Meeting the Client

The first step in preparing a will is to meet with your client to obtain information to advise, draft and execute the will.

Studies show most lawyers who use wills as a loss leader do not increase their overall business, and they sometimes do not serve their clients well. This in turn can lead to unnecessary claims and complaints to the Law Society.

Typically, the client, a family member or friend will contact you to inquire about making a will. They will often ask about the fee, as many clients like to shop around for the best rate. Lawyers often prepare wills at low or below-cost rates as a “loss leader” or as a community service. Because clients often ask for a quote, many lawyers charge a flat fee. This is one area where notaries have been permitted to practice, so be prepared to discuss the advantages of lawyer services, such as extended education and experience, with your prospective clients.

Some lawyers prefer to mail out a questionnaire to be completed by the client before the initial meeting. Others prefer to meet with the client in person to gather the necessary information and take instructions. In either case, you should always check for possible conflicts prior to the first meeting and explain the need to review personal data and relevant documents.

The will-maker is your client, regardless of who first contacted you about preparing the will (note that WESA replaces the terms “testator” and “testatrix” with the gender neutral, plain language term “will-maker,” which is defined simply as “the person who makes a will” (s. 1 WESA)). Your focus must remain on the client’s needs and wishes throughout the will-making process.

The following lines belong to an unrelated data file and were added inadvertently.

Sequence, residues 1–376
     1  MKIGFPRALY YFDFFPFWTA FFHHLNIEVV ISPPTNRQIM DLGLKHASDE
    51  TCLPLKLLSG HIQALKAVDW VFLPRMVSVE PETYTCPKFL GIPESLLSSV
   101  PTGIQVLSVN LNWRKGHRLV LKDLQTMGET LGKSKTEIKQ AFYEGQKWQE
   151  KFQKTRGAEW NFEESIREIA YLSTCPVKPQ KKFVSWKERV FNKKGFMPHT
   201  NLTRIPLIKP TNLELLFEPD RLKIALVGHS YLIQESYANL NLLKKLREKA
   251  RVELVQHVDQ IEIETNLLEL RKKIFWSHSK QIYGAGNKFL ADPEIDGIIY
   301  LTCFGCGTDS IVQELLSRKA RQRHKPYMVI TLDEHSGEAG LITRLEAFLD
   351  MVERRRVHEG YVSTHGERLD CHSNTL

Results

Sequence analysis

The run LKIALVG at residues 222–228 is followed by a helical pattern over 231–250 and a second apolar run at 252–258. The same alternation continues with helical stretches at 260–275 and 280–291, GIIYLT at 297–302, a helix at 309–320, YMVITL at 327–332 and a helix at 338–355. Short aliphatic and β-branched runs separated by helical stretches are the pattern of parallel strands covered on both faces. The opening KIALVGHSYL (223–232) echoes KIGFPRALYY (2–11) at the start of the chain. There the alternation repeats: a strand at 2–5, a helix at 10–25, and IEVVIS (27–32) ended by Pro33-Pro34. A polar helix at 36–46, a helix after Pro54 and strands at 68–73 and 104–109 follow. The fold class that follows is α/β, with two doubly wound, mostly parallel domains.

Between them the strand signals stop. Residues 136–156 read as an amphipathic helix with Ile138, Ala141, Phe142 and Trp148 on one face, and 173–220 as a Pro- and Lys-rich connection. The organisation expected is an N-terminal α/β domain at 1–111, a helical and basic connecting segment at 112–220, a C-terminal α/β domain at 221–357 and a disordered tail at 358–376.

Although your support staff may be responsible for many duties in your office, it is your responsibility to attend to the will-making process, which includes:

  • meeting with the client to obtain instructions;
  • reviewing search reports;
  • reviewing documents before signing; and
  • attending at execution of documents.

Note also the limitations of notaries in preparing wills. A notary cannot draw or supervise the execution of a will that creates a trust that continues past the age of majority (see section 18(b)(iii) of the Notaries Act).

 

Further Reading
Recommended further reading to complete this module:

Wills & Estates Fundamentals for Legal Support Staff – 2008, (The Continuing Legal Education Society of BC).

Wills & Estate Planning Basics – 2006, (The Continuing Legal Education Society of BC).